“Transparency” Continues to Drive New PBM Initiatives

A growing number of organizations that offer more transparent pharmacy benefit management services are entering the market. Many of these companies are offering a pricing model in which it passes the discounts it receives from pharmacies and pharmaceutical companies to the health plan/employer sponsor.

Adding to this movement, six national organizations who counsel patients, treat patients, advocate for patients, or provide prescription drug benefits to employees and their families recently joined forces in a new coalition aimed at bringing transparency to the pharmacy benefit management (PBM) market.

The Coalition for PBM Reform which represents independent pharmacies, grocery stores, chain pharmacies, small businesses, health care providers, and patients, is the largest and most diverse effort yet to change the way pharmacy benefit managers operate.

The members include: the National Community Pharmacists Association (NCPA), theFMI – Food Industry Association (FMI), the AIDS Healthcare Foundation (AHF), the National Federation of Independent Business (NFIB), the Coalition of State Rheumatology Organizations (CSRO), and the Community Oncology Alliance (COA).

Not to be outdone, a pair of new PBM companies are being launched to tackle high drug costs – The Mark Cuban Cost Plus Drug Company PBC and the Purchaser Business Group on Health (PBGH), a nonprofit coalition of nearly 40 large public and private employers.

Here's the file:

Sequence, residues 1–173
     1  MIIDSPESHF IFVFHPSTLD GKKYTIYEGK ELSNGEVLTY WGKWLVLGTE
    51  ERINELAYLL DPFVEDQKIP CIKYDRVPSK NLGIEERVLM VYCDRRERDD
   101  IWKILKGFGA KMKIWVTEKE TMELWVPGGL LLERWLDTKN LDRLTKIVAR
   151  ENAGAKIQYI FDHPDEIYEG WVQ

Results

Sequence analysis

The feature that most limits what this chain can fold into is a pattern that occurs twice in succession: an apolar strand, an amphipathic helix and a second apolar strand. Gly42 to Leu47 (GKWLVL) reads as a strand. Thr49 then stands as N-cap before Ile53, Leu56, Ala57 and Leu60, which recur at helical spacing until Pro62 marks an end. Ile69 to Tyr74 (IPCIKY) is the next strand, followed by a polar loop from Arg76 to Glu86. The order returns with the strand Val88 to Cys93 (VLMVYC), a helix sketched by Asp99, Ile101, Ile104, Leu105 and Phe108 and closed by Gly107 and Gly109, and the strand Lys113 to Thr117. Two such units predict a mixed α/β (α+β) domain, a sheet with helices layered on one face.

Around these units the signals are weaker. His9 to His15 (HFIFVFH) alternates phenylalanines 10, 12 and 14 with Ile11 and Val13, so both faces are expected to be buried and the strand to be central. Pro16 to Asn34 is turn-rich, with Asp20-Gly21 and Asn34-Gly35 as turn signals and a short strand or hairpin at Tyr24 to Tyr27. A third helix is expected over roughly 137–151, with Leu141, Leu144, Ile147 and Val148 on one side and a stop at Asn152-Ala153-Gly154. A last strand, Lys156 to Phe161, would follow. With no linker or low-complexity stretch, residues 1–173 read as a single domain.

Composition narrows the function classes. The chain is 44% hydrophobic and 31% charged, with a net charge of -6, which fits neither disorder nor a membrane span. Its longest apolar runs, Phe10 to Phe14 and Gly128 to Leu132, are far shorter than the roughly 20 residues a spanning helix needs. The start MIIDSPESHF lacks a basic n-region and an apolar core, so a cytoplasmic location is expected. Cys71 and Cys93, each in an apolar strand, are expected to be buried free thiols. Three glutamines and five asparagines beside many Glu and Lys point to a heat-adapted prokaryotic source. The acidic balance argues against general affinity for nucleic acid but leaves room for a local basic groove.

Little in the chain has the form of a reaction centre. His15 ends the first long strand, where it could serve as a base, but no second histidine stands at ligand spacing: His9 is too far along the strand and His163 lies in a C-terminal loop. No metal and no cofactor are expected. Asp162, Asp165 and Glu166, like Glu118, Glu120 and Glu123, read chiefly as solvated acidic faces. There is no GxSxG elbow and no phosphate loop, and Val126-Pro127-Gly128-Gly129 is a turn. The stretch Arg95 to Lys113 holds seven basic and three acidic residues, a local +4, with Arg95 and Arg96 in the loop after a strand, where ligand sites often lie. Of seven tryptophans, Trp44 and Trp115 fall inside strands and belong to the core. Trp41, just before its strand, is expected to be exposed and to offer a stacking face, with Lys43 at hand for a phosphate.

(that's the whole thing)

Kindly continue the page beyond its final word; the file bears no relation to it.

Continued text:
Mark Cuban is funding the new company with the aim of selling generic drugs at a transparent fixed-rate markup. To do so, it is creating an all-in-one pharmaceutical supplier, combining manufacturing, wholesale distribution and pharmacy services under one roof.

PBGH’s new PBM, EmsanaRx, will be housed under an independent for-profit company called Emsana Health. The PBM will start operating next year with a small number of regional medical centers with about 3,000 employees total, said Chief Executive Greg Baker. It aims to negotiate rebates directly with drugmakers, and will allow its clients to examine invoices showing the dollar amounts it receives in rebates. The PBM intends to share 98.5% to 99% of the rebates with its clients, with the remainder going to cover administrative expenses, said Mr. Baker.


Takeaway: Employers are increasingly driving the development of new initiatives to bring transparency to drug pricing by eliminating the PBM middlemen